Last week, the Content Marketing Institute (CMI) issued its annual “State of Content Marketing Report.” There are a lot of interesting findings in the report, but I want to focus on one issue identified as a distinct differentiator between good and bad content marketing: the issue of tracking.
While 70 percent of content marketers surveyed reported that they created more content in 2014 than they did in 2013, more are finding it difficult to track performance. “Almost half of B2B marketers cited measuring content marketing effectiveness as a challenge — a number that has gone up from 33 percent last year,” wrote CMI’s Joe Pulizzi.
Perhaps it’s because I’ve spent so many years in a field in which the ability to precisely quantify results is a core principle, but I was a bit taken aback by the CMI’s report. Who in their right mind would be spending money on publishing content without putting in place some kind of system to track its effectiveness? Isn’t the old business truism that “you can’t control what you can’t measure” applicable in today’s way new marketing world?
Sadly, it seems to be a lot of firms – in fact about one in eight companies surveyed by the CMI not only didn’t have success tracking their content performance – they admitted that they didn’t track at all. Only a tiny minority – 5 percent – of respondents reported that they were “very successful” at tracking content ROI. Only 21 percent considered their tracking efforts “successful.”
Tracking content performance isn’t rocket science, folks. Nor does it take big bucks to install an analytics package that can track all the important variables you’ll need to track for any content marketing campaign. You don’t need to license an expensive third-party tool to accurately track the performance of your content (although some of these tools are great investments for large teams). Google Analytics – a free tool – has improved markedly over the years, both in terms of providing better (including real-time) data and in terms of integrating with Google Docs (which many teams have adapted as an adjunct to, if not an actual replacement of, Microsoft Excel).
Here are some speculations on why so many content marketers fail to follow through and track their efforts:
- Good analytics people are hard to find. I was at an SEO workshop in Manhattan this past week and I was struck by the complaint of a technology recruiter who announced that finding people who know their way around Google Analytics is the hardest part of her job. In my opinion good “GA samurais” are worth their weight in gold; maybe it’s time to revalue their contributions to the organization and pay them accordingly.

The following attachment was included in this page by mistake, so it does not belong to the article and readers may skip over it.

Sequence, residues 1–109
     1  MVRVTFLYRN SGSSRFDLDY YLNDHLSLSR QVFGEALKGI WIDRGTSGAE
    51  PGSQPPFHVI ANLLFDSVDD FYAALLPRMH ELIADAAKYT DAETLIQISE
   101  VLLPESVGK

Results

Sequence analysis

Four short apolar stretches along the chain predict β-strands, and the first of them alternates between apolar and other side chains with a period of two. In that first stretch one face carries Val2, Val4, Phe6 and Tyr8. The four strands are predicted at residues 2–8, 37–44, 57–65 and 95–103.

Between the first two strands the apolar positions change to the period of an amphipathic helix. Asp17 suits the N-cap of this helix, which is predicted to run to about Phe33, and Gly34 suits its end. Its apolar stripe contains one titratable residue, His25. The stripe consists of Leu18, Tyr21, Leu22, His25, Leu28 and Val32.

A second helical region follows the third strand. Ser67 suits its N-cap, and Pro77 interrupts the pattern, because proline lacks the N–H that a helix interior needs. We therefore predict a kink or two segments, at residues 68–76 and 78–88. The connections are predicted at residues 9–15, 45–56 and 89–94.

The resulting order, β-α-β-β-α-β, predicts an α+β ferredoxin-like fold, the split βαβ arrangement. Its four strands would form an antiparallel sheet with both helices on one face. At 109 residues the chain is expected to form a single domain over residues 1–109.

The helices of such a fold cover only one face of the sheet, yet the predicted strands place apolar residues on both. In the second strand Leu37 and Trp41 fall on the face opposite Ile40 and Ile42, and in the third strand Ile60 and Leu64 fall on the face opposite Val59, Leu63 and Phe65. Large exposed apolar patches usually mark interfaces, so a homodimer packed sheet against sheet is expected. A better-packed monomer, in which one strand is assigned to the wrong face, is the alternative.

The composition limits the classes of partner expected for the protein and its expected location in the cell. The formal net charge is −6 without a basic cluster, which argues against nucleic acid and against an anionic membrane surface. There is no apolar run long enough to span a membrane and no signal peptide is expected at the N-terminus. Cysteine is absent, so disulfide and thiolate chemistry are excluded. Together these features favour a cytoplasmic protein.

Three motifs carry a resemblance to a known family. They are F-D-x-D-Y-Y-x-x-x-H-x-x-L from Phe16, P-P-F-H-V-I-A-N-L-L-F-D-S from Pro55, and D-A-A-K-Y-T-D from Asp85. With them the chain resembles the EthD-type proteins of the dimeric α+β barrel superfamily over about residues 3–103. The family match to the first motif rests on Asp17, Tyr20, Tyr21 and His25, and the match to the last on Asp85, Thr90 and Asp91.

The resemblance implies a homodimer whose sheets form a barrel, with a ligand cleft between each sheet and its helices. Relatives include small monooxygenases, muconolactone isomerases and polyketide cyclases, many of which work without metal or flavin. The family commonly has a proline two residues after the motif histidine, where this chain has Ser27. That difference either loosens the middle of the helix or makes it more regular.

- Silos that won’t die. SEO and analytics smarts are likely still being locked up in teams that aren’t regularly being asked to share their insights across the organization. These skills are so critical today that they need to function as a “knowledge overlay” that can inform all teams – including marketing, PR, and product development. My bet is that many institutions are moving far too slowly in this area, failing to integrate expertise where it matters, and thus are failing in their content marketing.
- Because content is “organic” it’s undervalued. You can bet your boots that if these organizations were buying media from Google or another supplier, they’d demand a full account of their spending. But because content is considered “organic” it may not be taken as seriously. Big mistake.
- Content ROI is harder to compute than anyone thought. As I mentioned in my last ClickZ column, content marketers often have to fight for their budgets, face unrealistic expectations, and are often hamstrung by the fact that the folks who approve budgets use narrow, short-term metrics that fail to account for the real long-term benefits that content marketing can offer.
As you know, I’m bullish on content marketing, because I’ve seen what it can do to transform Web properties from forgotten losers into lead- and profit-generating winners. But the only reason I can make this kind of statement is that I have the numbers – the actual traffic, referrer, and conversion data – to support it. And I’d counsel any content marketer who wants to succeed to set up a tracking system before – not after – publishing a single piece of content to the Web.
Not every venue where you publish content will provide you with rich analytics, but certainly your owned domains and social media accounts are a great place to start. Once you measure, you can see what works and improve on it.
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